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Mr. Smith Goes to Washington

Mr. Smith Goes to Washington(1939)

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teaser Mr. Smith Goes to Washington (1939)

SYNOPSIS

The untimely death of a junior Senator (from an unnamed American state) sends political boss Jim Taylor (Edward Arnold) into a momentary panic. Taylor needs the votes in the Senate to back a pork barrel project that will line his pockets. He controls the state's Governor, Hubert Hopper (Guy Kibbee) and the state's beloved senior Senator, Joseph Paine (Claude Rains), who suggest a popular citizen and local Boy Ranger leader, Jefferson Smith (James Stewart) to fill the empty position. Smith is humbled and proud to be under the wing of Paine, who had known Smith's late father, a crusading journalist. The patriotic Smith drinks in the sights in the nation's Capitol and reports to the Senate. He is hit hard upon his arrival by the Washington Press Corps, including reporter Diz Moore (Thomas Mitchell), who paint him as a naive fool in the newspapers. With the encouragement of Paine and with help from his cynical assistant Clarissa Saunders (Jean Arthur), Smith begins to draft a bill to establish a Boy's Camp in his state. Unfortunately, Smith's bill conflicts with Taylor's plans for pork politics; Taylor turns all of his might against Smith, including Senator Paine. Smith sees the enormity of the forces against him, but he is determined to get the truth out to the people of his state. Saunders is falling in love with Smith, and she, Diz, and others sympathetic to the effort, including the President of the Senate (Harry Carey), help Smith in his last-ditch effort to clear his name.

Produced/Directed by: Frank Capra
Screenplay: Sidney Buchman, from the story by Lewis R. Foster
Cinematography: Joseph Walker
Art Direction: Lionel Banks
Editors: Gene Havlick and Al Clark
Music: Dimitri Tiomkin
Principal Cast: James Stewart (Jefferson Smith), Jean Arthur (Clarissa Saunders), Claude Rains (Sen. Joseph Paine), Edward Arnold (Jim Taylor), Harry Carey (President of the Senate), H.B. Warner (Sen. Fuller), Guy Kibbee (Gov. Hubert Hopper), Thomas Mitchell (Diz Moore), Eugene Pallette (Chick McGann), Beulah Bondi (Ma Smith).
BW-130m.

Why MR. SMITH GOES TO WASHINGTON is Essential

Though it's now universally revered as an ode to democratic ideals, Frank Capra's Mr. Smith Goes to Washington (1939) was originally denounced by many Washington power-brokers. That may come as a bit of a shock if you haven't seen this classic picture for several years. Jimmy Stewart's lead performance made him a star, and is justly remembered as the key component of a beautifully constructed narrative. But Capra, for all his flag-waving and sometimes naive moralizing, saved a great deal of bite for the hallowed halls of American government.

If not subversive, the movie is at least driven by a strong distaste for the misuse of power by our elected officials. This was an exceptionally gutsy message at a time when Americans were concerned with the rise of Nazism overseas, and Capra surely knew he would ruffle a few feathers. But he put his foot down and said exactly what he wanted to say, much like the film's patriotic lead character. This is the kind of movie that makes you want to light up a sparkler.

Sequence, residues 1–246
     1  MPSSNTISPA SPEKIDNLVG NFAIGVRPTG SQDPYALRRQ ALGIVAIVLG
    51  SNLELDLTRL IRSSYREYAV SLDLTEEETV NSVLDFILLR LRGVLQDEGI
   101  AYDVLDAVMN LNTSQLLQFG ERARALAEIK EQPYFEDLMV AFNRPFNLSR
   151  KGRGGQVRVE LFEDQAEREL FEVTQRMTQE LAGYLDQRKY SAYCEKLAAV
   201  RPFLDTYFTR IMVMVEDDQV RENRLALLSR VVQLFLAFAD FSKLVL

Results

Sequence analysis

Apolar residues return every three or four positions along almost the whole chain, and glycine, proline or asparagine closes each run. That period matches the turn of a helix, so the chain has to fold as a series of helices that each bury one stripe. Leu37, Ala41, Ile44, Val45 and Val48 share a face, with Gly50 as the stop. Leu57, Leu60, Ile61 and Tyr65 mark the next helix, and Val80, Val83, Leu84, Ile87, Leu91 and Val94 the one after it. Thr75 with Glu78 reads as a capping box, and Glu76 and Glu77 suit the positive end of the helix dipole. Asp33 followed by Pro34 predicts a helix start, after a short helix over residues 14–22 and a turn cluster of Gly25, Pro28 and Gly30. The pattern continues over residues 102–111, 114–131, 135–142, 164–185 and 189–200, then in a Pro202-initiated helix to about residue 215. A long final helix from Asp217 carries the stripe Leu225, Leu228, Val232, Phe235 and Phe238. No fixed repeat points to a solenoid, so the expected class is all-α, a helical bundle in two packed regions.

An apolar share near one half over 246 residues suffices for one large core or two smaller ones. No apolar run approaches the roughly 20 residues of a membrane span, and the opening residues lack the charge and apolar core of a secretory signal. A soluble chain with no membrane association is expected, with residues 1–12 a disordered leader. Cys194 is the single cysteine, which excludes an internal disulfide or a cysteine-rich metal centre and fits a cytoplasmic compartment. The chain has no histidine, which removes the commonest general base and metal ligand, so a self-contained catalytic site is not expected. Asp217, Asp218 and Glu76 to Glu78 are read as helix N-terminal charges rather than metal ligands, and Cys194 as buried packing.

Capra nearly cast Gary Cooper, but finally settled on Stewart. "I knew he would make a hell of a Mr. Smith," he said. "He looked like the country kid, the idealist. It was very close to him." Stewart knew this was the role of a lifetime, one that could place him near the top of the Hollywood heap. Jean Arthur later remembered his mood at the time: "He was so serious when he was working on that picture, he used to get up at five o'clock in the morning and drive himself to the studio. He was so terrified something was going to happen to him, he wouldn't go faster."

Even in the classics-heavy year of 1939, Mr. Smith Goes to Washington was a major achievement, arguably the finest picture of Capra's storied career. It may wrap itself up a bit too easily, but you'd have to have a heart of stone to not be moved by the journey. Or, in lieu of that, you could be a U.S. Senator or Washington newspaper reporter circa 1939.

On October 17, 1939, the picture was previewed at Washington's Constitution Hall. The preview was a major production featuring searchlights and a National Guard band playing patriotic tunes; The Washington Times-Herald even put out a special edition covering the event. Four thousand guests attended, 45 Senators among them. About two-thirds of the way through the film, the grumbling began, with people walking out. Some politicians were so enraged by how "they" were being portrayed in the movie, they actually shouted at the screen. At a party afterward, a drunken newspaper editor took a wild swing at Capra for including a drunken reporter as one of the characters!

Several politicians angrily spoke out against the film in newspaper editorials, which, in the long run, may have helped its box office. Sen. Alben W. Barkley viewed the picture as "a grotesque distortion" of the Senate, "as grotesque as anything ever seen! Imagine the Vice President of the United States winking at a pretty girl in the gallery in order to encourage a filibuster!" Barkley, who was lucky he didn't get quoted on the film's posters, also said, "...it showed the Senate as the biggest aggregation of nincompoops on record!"

Senator James F. Byrnes of South Carolina suggested that official action be taken against the film's release...lest we play into the hands of Fascist regimes. And Pete Harrison, the respected editor of Harrison Reports, urged Congress to pass a bill allowing theater owners to refuse to show films - like Mr. Smith - that "were not in the best interest of our country." And you thought the Dixie Chicks got a raw deal.